Conversation, Consciousness and Evolution Carl Flygt (Art, University of Nevada, Reno, Reno, NV ) P1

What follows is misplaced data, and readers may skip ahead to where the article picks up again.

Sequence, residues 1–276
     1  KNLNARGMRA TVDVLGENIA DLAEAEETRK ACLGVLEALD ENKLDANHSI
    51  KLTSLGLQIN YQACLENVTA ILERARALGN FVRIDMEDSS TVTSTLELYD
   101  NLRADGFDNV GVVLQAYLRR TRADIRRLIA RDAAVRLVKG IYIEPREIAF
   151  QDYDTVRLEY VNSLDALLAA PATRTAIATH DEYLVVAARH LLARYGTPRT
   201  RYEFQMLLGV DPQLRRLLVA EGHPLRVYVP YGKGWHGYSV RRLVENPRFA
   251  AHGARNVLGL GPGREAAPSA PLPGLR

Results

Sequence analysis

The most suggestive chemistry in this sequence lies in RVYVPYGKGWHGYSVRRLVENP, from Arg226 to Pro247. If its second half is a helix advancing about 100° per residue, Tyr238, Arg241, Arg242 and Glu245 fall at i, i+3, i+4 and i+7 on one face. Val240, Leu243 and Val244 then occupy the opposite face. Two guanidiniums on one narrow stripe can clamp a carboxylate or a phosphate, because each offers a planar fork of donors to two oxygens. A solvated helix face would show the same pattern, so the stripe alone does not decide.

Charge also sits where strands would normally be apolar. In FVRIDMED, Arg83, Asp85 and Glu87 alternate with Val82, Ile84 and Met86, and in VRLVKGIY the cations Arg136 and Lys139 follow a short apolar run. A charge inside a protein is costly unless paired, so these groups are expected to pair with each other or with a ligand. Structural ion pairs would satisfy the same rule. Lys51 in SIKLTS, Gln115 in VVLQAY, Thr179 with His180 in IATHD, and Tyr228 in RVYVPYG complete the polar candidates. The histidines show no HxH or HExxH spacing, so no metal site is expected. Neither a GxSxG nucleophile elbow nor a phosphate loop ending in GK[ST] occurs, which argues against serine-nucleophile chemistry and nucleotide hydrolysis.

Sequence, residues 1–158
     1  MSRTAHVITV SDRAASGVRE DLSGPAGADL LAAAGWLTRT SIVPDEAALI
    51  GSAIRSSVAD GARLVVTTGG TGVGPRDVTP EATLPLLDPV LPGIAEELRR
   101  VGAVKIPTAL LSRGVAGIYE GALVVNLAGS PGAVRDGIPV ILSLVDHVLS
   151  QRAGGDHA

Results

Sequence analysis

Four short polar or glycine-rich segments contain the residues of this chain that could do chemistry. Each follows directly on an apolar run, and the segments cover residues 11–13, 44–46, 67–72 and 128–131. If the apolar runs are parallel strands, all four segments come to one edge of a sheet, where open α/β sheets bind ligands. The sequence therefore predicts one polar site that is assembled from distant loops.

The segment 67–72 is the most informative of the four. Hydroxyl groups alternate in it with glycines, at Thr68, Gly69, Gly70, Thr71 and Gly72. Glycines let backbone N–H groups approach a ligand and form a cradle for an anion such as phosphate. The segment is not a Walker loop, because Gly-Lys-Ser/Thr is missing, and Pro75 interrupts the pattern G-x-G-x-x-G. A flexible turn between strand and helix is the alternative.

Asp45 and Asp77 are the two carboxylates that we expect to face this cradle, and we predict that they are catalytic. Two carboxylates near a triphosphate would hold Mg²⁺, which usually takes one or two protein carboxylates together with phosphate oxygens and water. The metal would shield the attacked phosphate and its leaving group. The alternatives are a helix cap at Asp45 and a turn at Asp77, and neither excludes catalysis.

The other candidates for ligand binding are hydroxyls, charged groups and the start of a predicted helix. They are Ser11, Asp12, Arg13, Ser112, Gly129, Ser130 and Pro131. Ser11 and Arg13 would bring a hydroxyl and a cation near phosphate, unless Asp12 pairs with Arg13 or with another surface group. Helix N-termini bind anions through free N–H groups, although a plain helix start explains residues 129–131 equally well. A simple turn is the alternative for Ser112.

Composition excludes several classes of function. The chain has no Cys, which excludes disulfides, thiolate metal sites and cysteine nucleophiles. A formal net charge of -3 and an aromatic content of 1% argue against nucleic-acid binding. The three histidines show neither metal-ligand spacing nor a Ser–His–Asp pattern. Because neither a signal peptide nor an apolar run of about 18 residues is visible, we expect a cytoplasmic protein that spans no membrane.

Conversation, probably best understood as mutual and flexible dependence in language, and analogous perhaps in biology to co-evolving genes in each other's environment, would seem to occupy a primary position in consciousness, bearing on causes, on functions and on evolutionary probabilities. In some defining sense, likely combining inner abstraction, inner reproduction and inner sympathy, conversation of one sort or another may constitute the actual consciousness of any living organism that has it. Accordingly, and notwithstanding its essential blindness, conversation of an ideal or perfectible sort probably holds the key to all evolved forms of consciousness. To date and to the best of my knowledge no positive (testable) theory of natural language conversation has been proposed, much less externally tested. This despite the fact that conversation can (and should) be taken as the most ubiquitous and the most immediate part of the world available to human beings. At present the reasons for this shortfall, although instructive and important, need not concern us overly. What might concern us immediately is whether or not the right theory has been identified. I think the correct theory is algorithmic (not heuristic), simple (not complex) and morally challenging (not morally neutral). It appeared in my 2006 book Conversation: A New Theory of Language and it postulates universal satisfaction moment by moment as the defining, if ineffable, feature of ideal conversation. I am currently drafting a followup text, Conversation, Consciousness and Evolution, further to flesh out the premises, the scope and the plausible applications of this theory. If we begin to test, to verify and in memory, both inner and outer, to retain a science of conversation, as I think we will, we should expect to experience important changes in our social conventions, in our institutions and in our biology. Whether these changes accumulate in the right order and in the right way would seem likely to fall to a substantial degree within the purview of the science itself. If and when conscious evolution, both of the internal habits and scope of the daily mind and of the external world of space, form, commodity and artifact, becomes a science it will almost certainly be the product of perfected natural language conversation.